Bulletin for the Center... - 06/01/2010 Once common in New Zealand, the kakapo, a large flightless green bird, suffered from humans and human-introduced species to the point that it was once believed extinct, and the species still numbers under 100 individuals. The National Kakapo Recovery Team, a dedicated group of volunteers and professionals, now monitors every bird, supports every egg, and nurtures every chick in the hope of preserving this unusual species. Montgomery and Bishop, off on one of their usual exotic adventures, join the team on remote Codfish Island, where they follow Lisa, a kakapo mother, and her newborn chick. It’s a dramatic story of preservation attempts at the very brink of extinction, and the tension, excitement, and fragility of the situation is made crystal clear, with the team rejoicing at every gain and mourning setbacks (including the sudden and unexpected death of Lisa’s chick). The devotion of the team is palpable, and the point is made but not belabored that a number of these dedicated individuals came from other walks of life to work for this particular cause; it’s also humblingly clear that they are to some extent feeling their way. While photographer Bishop could probably make a teenager’s room look like an alluring ecosystem, Codfish Island is stunningly attractive in these images, with the kakapo themselves an enchanting luminous green that blends, with ludicrous beauty, into the verdant ferns and mosses of the forest floor. The glamour shots are balanced by documentary images of the travel necessities and the team’s home base, which together give an impressively complete picture of the enterprise and its subject. More than most books about environmentalism or endangered species, this will encourage kids to consider how hands-on action can genuinely make a difference and how scientific contributions can be made by people who never go near a test tube. A quick postscript, information about donating to kakapo preservation, and a bibliography are appended, as is an index. DS - Copyright 2010 The Board of Trustees of the University of Illinois.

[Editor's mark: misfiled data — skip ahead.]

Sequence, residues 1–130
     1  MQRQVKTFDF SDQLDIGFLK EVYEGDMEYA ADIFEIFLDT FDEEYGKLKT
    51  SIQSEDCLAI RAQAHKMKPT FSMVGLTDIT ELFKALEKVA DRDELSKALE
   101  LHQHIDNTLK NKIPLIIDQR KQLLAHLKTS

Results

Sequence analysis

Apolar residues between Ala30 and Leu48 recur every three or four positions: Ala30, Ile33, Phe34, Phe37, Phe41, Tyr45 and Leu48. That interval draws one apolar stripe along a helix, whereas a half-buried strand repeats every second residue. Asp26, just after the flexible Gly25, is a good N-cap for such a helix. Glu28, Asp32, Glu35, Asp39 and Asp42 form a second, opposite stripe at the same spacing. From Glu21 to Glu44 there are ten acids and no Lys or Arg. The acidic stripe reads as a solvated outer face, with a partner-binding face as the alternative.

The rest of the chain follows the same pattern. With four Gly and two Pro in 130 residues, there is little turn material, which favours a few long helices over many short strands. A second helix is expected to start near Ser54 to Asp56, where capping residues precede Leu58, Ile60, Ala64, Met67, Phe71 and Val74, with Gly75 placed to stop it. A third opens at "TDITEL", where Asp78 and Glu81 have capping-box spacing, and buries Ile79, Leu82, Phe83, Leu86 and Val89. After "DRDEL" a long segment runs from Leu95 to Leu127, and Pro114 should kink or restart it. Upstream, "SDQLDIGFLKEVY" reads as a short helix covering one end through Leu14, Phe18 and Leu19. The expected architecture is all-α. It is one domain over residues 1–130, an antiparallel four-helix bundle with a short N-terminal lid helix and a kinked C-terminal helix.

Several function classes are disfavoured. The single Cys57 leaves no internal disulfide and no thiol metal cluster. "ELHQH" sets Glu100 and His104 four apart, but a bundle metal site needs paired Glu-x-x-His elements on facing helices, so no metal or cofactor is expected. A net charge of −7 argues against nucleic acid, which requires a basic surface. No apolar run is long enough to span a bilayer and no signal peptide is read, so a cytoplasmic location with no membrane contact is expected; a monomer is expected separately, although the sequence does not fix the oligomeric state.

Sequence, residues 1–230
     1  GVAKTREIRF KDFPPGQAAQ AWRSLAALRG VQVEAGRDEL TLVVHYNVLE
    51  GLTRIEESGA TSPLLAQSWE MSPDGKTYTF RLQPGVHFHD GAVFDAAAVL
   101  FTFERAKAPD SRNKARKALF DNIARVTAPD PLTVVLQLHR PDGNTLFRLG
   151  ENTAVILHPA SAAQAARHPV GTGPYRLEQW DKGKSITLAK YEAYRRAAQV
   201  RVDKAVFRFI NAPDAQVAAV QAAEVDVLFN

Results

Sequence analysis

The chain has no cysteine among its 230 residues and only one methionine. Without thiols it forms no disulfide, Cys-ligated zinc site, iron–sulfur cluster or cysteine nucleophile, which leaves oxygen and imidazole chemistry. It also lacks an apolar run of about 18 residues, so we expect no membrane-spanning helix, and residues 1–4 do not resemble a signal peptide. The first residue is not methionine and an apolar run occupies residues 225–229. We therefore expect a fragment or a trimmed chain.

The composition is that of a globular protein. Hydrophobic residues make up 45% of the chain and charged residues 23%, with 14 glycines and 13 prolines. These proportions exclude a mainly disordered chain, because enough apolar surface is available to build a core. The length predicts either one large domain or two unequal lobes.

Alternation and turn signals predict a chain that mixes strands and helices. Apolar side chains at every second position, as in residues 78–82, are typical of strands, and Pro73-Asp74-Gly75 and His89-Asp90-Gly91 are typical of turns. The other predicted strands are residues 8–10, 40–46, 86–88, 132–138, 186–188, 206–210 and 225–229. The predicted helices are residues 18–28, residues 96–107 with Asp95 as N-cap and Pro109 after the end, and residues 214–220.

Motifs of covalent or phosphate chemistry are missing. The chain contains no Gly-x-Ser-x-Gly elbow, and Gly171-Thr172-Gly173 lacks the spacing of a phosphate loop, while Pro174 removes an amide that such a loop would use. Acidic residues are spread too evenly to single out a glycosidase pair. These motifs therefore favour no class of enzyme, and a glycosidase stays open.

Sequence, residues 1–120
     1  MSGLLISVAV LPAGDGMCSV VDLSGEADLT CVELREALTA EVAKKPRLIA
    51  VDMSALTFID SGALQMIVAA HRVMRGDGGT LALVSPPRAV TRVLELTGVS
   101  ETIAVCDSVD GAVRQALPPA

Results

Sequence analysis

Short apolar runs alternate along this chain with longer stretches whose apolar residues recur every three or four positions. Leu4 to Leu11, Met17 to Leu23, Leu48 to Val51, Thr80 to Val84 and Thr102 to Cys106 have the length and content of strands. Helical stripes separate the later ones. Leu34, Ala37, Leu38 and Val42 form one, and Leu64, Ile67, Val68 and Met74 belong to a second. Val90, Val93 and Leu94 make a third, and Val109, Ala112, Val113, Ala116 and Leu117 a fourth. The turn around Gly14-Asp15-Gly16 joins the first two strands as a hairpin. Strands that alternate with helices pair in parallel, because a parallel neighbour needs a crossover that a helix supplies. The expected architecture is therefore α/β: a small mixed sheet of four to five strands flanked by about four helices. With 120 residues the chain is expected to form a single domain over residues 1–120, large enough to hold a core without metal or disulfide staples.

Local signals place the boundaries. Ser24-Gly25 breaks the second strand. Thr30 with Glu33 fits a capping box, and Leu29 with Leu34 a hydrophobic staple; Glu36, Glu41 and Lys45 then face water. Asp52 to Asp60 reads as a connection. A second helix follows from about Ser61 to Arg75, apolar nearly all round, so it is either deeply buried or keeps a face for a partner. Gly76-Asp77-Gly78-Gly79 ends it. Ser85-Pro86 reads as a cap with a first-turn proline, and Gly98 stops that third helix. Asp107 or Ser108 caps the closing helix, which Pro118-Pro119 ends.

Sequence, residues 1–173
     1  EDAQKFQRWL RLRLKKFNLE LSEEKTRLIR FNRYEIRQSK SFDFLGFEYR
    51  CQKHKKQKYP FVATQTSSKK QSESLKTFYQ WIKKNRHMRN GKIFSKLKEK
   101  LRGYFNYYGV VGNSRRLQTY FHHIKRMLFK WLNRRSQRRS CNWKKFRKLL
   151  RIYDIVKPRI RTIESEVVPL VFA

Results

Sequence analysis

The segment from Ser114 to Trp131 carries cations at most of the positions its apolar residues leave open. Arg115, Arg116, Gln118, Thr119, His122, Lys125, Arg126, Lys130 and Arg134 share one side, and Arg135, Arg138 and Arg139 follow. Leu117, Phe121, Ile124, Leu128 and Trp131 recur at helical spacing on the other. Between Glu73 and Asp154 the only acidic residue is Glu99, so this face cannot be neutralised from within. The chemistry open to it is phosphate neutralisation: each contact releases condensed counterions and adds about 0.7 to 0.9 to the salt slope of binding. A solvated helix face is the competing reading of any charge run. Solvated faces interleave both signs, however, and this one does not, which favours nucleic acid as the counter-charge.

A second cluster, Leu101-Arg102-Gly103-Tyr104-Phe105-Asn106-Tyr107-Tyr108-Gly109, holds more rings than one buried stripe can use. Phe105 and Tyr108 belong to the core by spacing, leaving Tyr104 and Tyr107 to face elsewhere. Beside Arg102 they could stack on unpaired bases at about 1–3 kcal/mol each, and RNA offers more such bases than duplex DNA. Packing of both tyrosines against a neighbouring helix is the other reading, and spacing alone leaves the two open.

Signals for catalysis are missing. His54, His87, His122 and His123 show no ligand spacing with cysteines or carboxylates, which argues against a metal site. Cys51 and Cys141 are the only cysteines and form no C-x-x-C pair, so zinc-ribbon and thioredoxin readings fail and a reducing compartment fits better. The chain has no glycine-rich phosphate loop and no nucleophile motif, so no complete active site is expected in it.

School Library Journal - 06/01/2010 Gr 5–8— Take a parrot. Color it green. Give it soft, fluffy feathers, and whiskers. Give it sumo proportions and take away its power of flight. Make it nocturnal, and have it nest underground. Aha! A kakapo! Once millions of these rather affable birds waddled all over New Zealand. Reduced (at present) to fewer than 90, the kakapo have been isolated on Codfish Island (free of feral cats, weasels, and stoats—all introduced species) and are now under the strict, careful guardianship of the New Zealand National Kakapo Recovery Team. Montgomery and Bishop were granted 10 days in which to accompany members of the team (many volunteering their time and efforts) as they radio-tracked the birds night and day in their forest habitat, weighed chicks, watched nesting behavior through hidden cameras, and plowed through gale-force winds and torrential rain to monitor the well-being of their charges. Excellent photos and a readable, conversational text provide an intimate look at a concerted effort to save a drastically endangered species unfamiliar to most of the world outside Down Under. Readers who enjoyed this author/photographer team's The Tarantula Scientist (2007) or Quest for the Tree Kangaroo (2006, both Houghton) will gobble up this tribute to ecological science in action.—Patricia Manning, formerly at Eastchester Public Library, NY - Copyright 2010 Publishers Weekly, Library Journal and/or School Library Journal used with permission.